Canadian Para-Alpine ski team member Josh Dueck signs autographs for students at J.A. Laird Elementary School February 20. Dueck and his team will compete at Panorama March 13 to 16 in the IPC Alpine Skiing World Cup Finals.

Canadian Para-Alpine ski team member Josh Dueck signs autographs for students at J.A. Laird Elementary School February 20. Dueck and his team will compete at Panorama March 13 to 16 in the IPC Alpine Skiing World Cup Finals.

Students get Para-Alpine introduction

Students in Invermere schools got an intro to the world of disabled skiing when most of the Canadian Para-Alpine ski team visited town.

With the International Paralympic Committee’s World Cup finals for alpine skiing headed to Panorama in just a few weeks, students in Invermere schools got an intro to the world of disabled skiing February 20, when most of the members of the Canadian Para-Alpine ski team visited J.A. Laird Elementary and David Thompson Secondary School.

During the competition about 100 school children will be bussed up to watch the races each day, and the visits offered students a chance to meet Canada’s athletes in advance and also learn a bit about the three categories of para-alpine skiing: sitting, standing and visually impaired.

The team includes some East Kootenay talent, including Team Panorama’s Alexandra Stanker and Kimberley’s Josh Dueck.

“Any opportunity to come into the schools and talk to them a little bit about some of the challenges we face and how we’ve overcome them, it’s such a great opportunity,” Dueck said. “And it’s pretty unique to have everybody here from the Canadian Para-Alpine ski team sharing their stories. It’s been a great experience I think for us, and certainly for the kids.”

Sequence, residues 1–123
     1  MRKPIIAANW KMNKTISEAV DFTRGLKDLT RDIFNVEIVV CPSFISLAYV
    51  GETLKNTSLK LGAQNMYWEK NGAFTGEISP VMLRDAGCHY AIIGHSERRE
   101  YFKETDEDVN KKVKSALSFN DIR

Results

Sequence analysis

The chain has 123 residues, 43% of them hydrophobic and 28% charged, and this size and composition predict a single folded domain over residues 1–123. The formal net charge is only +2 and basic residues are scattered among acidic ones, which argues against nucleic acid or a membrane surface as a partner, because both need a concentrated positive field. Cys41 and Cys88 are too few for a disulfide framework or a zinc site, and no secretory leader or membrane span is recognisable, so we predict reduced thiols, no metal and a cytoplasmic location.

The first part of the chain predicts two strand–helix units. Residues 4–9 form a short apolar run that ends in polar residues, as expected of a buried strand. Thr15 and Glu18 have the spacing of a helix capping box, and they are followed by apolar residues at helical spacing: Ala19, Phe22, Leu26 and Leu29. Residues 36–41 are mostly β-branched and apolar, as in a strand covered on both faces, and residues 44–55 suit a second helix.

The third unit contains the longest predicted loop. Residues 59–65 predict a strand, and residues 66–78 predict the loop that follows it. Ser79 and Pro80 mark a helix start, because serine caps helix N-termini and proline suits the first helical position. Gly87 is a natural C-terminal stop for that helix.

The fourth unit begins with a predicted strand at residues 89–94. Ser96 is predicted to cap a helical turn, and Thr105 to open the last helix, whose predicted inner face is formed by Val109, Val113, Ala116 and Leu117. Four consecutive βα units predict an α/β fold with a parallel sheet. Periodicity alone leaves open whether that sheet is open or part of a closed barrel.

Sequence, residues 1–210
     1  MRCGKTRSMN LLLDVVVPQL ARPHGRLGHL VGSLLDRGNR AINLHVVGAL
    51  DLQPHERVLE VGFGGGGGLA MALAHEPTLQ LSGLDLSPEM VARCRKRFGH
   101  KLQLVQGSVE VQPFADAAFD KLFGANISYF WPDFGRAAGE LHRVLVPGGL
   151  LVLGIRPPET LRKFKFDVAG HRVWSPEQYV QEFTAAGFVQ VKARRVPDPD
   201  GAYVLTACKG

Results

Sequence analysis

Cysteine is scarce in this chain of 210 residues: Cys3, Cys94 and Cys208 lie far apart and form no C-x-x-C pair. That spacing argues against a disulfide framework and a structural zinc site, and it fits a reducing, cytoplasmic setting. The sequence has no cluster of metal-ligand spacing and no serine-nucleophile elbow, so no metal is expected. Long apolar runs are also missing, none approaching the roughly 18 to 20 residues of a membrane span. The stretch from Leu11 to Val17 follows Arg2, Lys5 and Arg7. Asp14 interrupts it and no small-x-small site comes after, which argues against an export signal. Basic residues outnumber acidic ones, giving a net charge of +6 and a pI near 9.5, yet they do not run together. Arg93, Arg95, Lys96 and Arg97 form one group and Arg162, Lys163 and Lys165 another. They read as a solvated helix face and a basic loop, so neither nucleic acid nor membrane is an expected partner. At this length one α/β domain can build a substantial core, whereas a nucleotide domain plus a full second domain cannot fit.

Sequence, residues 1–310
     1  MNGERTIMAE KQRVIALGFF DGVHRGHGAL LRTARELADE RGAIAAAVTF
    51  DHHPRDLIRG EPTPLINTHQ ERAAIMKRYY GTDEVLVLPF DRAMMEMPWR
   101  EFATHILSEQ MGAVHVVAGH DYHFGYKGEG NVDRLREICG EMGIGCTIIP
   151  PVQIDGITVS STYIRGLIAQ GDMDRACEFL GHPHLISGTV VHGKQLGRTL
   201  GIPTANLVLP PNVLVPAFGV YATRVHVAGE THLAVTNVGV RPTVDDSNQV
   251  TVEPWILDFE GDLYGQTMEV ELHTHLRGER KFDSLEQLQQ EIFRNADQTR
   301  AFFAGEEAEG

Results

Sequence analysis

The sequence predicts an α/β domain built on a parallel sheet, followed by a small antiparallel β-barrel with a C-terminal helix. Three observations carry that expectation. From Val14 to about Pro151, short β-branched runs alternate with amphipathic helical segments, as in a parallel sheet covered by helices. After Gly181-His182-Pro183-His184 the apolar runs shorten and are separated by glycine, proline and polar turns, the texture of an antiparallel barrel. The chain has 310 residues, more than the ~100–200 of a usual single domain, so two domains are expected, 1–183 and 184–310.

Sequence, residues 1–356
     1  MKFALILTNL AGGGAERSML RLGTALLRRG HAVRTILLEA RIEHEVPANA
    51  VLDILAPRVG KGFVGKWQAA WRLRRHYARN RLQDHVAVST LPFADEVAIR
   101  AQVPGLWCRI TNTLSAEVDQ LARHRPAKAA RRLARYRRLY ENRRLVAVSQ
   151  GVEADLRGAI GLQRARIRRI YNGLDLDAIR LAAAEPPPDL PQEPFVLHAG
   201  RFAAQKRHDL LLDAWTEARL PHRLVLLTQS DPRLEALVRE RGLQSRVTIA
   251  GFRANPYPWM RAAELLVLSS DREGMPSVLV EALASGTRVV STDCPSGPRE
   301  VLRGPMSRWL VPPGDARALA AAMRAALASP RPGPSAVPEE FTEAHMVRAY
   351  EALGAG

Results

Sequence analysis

“It’s phenomenal, the energy was great in the crowd,” added Stanker. “And looking around I saw a couple kids that I recognized from skiing. It’s just great to see people interested and excited about the upcoming world cup finals.”

Over the course of the sessions the athletes shared stories, took questions and talked about skiing and living with their disabilities.

“I hope they learn a little bit about the sport, and also how they can overcome whatever challenges that they may face in their life,” said Dueck, a sit-skier who broke his back when he overshot a jump while coaching freestyle skiing. He’s since gone on to become the first person to do a back flip in a sit-ski.

In five years with the team, the world cup finals at Panorama will be his first chance to compete on Kootenay soil.

“I’ve never really had a chance to compete in B.C. — I don’t even think I’ve had a chance to compete at a world cup in Canada,” he said.

“This is really exciting. I’m hoping a lot of friends and family from the valley come up and support it.”

Stanker, a standing skier who spends her weekends in the valley, also says she’s excited to share her sport with her “ski family.”

“My coaches will be there, my friends, my parents live in Calgary so it’s just a short drive for everyone to come out and watch,” she said.

 

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